|Head of the Democratic People's Republic of Korea (DPRK)'s high-level delegation Won Tong Yon (L) shakes hands with his South Korean counterpart Kim Kyou-hyun at the border village of Panmunjom, South Korea, on Feb. 14, 2014. South Korea and the DPRK agreed Friday to hold the family reunions from Feb. 20 to 25 as scheduled, South Korean chief delegate of the inter-Korean high-level talks told a press conference. (Xinhua)
SEOUL, Feb. 14 (Xinhua) -- South Korea and the Democratic People's Republic of Korea (DPRK) agreed Friday to hold the family reunion from Feb. 20 to 25 as scheduled, South Korea's chief delegate of the inter-Korean high-level talks told a press conference.
Kim Kyou-hyun, head of the South Korean delegation, told reporters that the two Koreas will hold the reunion of separated families as scheduled at the DPRK's scenic resort of Mount Kumgang, referring to the three-point agreement reached between Seoul and Pyongyang at the second round of senior-level talks held earlier in the border village of Panmunjeom.
Delegations from both sides also agreed to stop slandering the other side to enhance mutual understanding and trust, while continuing to consult with each other about issues of mutual interests and making proactive efforts to develop the inter-Korean relations.
Kim said that the two Koreas agreed to hold another high-level dialogue when both sides feel comfortable.
Five-member delegates from the two Koreas staged the second round of talks between high-ranking officials in the Peace House, an administrative building in the South Korean side of the truce village of Panmunjeom.
The three-hour-long meeting ended with the three-point agreement. The first round of talks, held Wednesday in around seven years, ran late into midnight, but the marathon talks failed to reach any tangible agreement.
At the first round, the DPRK called for South Korea to delay the joint military exercises with the United States to dates after the end of the family reunion. The two allies will stage the "Key Resolve" and "Foal Eagle" war games from Feb. 24 to April 18. The reunion event, where around 200 people will meet their long- lost relatives, will be held for six days through Feb. 25, dates that overlap for two days with the military drills.
The chief delegate said that the senior-level dialogue, held first since Park Geun-hye administration was launched a year ago, reached an agreement on the humanitarian event, reiterating Seoul' s position that it will be the first step to mend ties between the two Koreas.
"The high-level contact succeeded to get a win-win deal for both sides," Cheong Seong-chang, a senior analyst at the private Sejong Institute in Seoul, said on the phone. Seoul received a green light from Pyongyang toward the family reunion being held when the South Korea-U.S. military exercises are being staged, and the DPRK got a nod from South Korea to stop slandering the other side, Cheong said.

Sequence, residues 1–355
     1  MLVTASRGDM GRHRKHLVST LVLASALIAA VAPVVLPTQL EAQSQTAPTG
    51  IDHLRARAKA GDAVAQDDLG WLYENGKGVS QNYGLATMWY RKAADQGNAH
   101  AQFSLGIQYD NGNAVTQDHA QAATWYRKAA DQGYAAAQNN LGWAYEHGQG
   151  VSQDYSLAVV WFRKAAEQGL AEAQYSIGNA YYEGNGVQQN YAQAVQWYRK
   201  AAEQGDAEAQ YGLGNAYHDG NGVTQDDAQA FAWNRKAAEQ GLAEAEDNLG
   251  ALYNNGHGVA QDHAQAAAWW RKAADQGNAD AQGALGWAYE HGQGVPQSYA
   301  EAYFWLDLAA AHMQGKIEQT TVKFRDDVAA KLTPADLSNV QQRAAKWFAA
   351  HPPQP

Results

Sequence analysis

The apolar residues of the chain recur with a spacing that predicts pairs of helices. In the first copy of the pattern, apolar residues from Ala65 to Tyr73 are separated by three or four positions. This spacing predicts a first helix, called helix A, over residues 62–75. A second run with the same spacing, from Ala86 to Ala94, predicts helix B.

The two rounds of high-level talks became the first such talks held since May 2007 as Pyongyang made the offer to Seoul, seeking to prove its sincerity with action toward improved ties with its southern neighbor. On Feb. 8, the DPRK proposed the first high- level talks through the truce village of Panmunjeom.
At around midday Thursday, the DPRK suggested that the second round should be resumed from 3 p.m. local time that day. South Korea responded that while agreeing on the resumption, there was not enough time to restart the talks on Thursday, offering to resume the dialogue Friday. Pyongyang agreed to the counter proposal.
Since DPRK's top leader Kim Jong Un expressed his willingness to mend ties with South Korea in his New Year's speech, Pyongyang maintained its charm offensive, making concessions to Seoul. The DPRK denounced the South Korea-U.S. military drills as the rehearsal for a northward invasion, but it suggested first to delay the talks before giving a nod to the family reunion even when the war games are conducted.
Cheong at the Sejong institute saw the DPRK's chief delegate as possibilities for inter-Korean summit to be held in the foreseeable future. The DPRK delegation was headed by Won Dong-yon, the No. 2 man at the United Front Department of the Workers' Party of Korea, a control tower in charge of the DPRK's relations with South Korea.
"Won Dong-yon, who participated in preparatory contacts for past inter-Korean summit, headed the North Korean delegation," said Cheong. "At the third or fourth round of senior-level contacts, North Korea (DPRK) can cautiously tap South Korea on the inter-Korean summit."
South Korean President Park Geun-hye said in November last year that she was open, in principle, to summit talks with the top DPRK leader, noting that "I can meet at any time, if necessary."
Two Koreas end senior-level talks
SEOUL, Feb. 14 (Xinhua) -- South Korea and the Democratic People's Republic of Korea (DPRK) wrapped up talks between high- ranking officials after a three-hour meeting, Seoul's Unification Ministry said Friday.
Delegates from the two Koreas met around 10 a.m. local time at the border village of Panmunjeom to resume the senior-level talks, two days after the first round of such dialogue ended without any tangible agreement. Full story
S.Korea to send advance team to DPRK for family reunion
SEOUL, Feb. 14 (Xinhua) -- South Korea will send an advance team to the Democratic People's Republic of Korea (DPRK) Saturday to prepare for the agreed family reunion event scheduled to begin next week, Seoul's Unification Ministry said Friday.
Unification Ministry spokesman Kim Eui-do told a press briefing that a forward team composed of 15 officials will be dispatched to the scenic resort of Mount Kumgang on Saturday to exchange the final list of participants in the reunion and adjust detailed schedules. Full sotry